Due to the severity of baby Maddison’s condition, the family were re-routed to Altnagelvin and not to Letterkenny as expected. Natasha said she will never forget listening to the paramedics talking as they drove back to Derry - “they said her heart rate was dropping, that she was in trouble. They were trying to keep me calm but I could hear them talking to each other about her condition.”

Once the ambulance reached the border they were met with a police escort which raced them to the hospital where Natasha said they were greeted with a crash team.

“It was like something you would see on TV. I couldn’t believe it was real. They were cutting her clothes off her, putting a tube down her throat, putting tubes into her arms - working on her while we just looked on.

Taken into resus, Maddison had tubes inserted into her arms, head and groin. The family were told her situation was so critical that Altnagelvin were unable to treat her and that she would be taken to theatre, put on life support and transported to the Royal in Belfast.

The family were given the devastating news that there was a high chance baby Maddison would not survive, and that if she did she may well be brain damaged due to oxygen deprivation.

Natasha was also told that she would not be able to go in the ambulance with her daughter - so she had to say her goodbyes in Casualty.

“She was just lying there, on this big bed, all wrapped up and strapped down, tubes coming from everywhere. They gave her the Last Rites and I had to say goodbye. I just kept saying to her ‘You’re only sleeping. It’s time to wake up now, baby’.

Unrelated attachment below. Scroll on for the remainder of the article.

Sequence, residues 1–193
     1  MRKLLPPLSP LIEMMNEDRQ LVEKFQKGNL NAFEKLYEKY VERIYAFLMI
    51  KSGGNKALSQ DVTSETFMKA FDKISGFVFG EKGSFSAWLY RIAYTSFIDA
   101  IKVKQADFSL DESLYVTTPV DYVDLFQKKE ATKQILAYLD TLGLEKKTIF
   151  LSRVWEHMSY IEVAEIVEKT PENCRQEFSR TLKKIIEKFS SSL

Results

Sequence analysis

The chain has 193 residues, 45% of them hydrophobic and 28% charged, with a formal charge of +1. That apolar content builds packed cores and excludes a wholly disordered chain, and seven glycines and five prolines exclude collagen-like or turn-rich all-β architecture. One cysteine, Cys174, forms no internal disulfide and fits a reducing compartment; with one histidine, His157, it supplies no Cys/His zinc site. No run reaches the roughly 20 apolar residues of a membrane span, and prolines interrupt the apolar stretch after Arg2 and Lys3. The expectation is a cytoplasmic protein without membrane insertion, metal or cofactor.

“I knew she had to go to Belfast without me. We would just follow behind but that was so hard, so, so hard. I kept thinking what if she died on the way up and there would be no one there with her that she knew? It was unbearable.”

On the journey to Belfast, Natasha admits she found herself thinking about her daughter’s funeral while trying to make sense of everything that happened.

“We just couldn’t believe it - everything had just turned on its head.”

However baby Maddison defied the odds and survived the journey to Belfast. While the family were warned that things still looked bleak, they took that as a sign that she was a little fighter.

And she would further defy the odds by rallying round remarkably within just 24 hours.

“By the next day she was off life support and off the respirator. My mother walked up to her and said ‘Let me smell your feet’. It was always their wee joke and when Maddison lifted her foot up we knew that she was okay and that she was going to be okay.”

Maddison has recovered almost completely - the only side effect from her trauma is that her lungs have suffered some minor scarring which make her more susceptible to chest infections.

“We never felt we could talk about it before now.” Natasha said. “It was always so raw but now, two years on, we felt it was the right time.

“For one we want to warn parents about choking risks. It can be something as harmless as a wee plaster - when you think, your wain gets one after their immunisations and they could just put it in their mouth.

“We’re very cautious now - we don’t allow balloons or the like in the house. We have seen the damage choking can do.

“But we also wanted to say thank you to everyone who helped save Maddison. The paramedics, who were amazing, the police, the hospital staff - everyone went above and beyond in what was a horrible time for our family.”

Most of all perhaps Natasha wants to thank Maddison’s grandad, Fraser who, she says saved her daughter’s life.

“Without him, I’ve no doubt we would have lost her. She would have been gone. And that doesn’t bear thinking about.”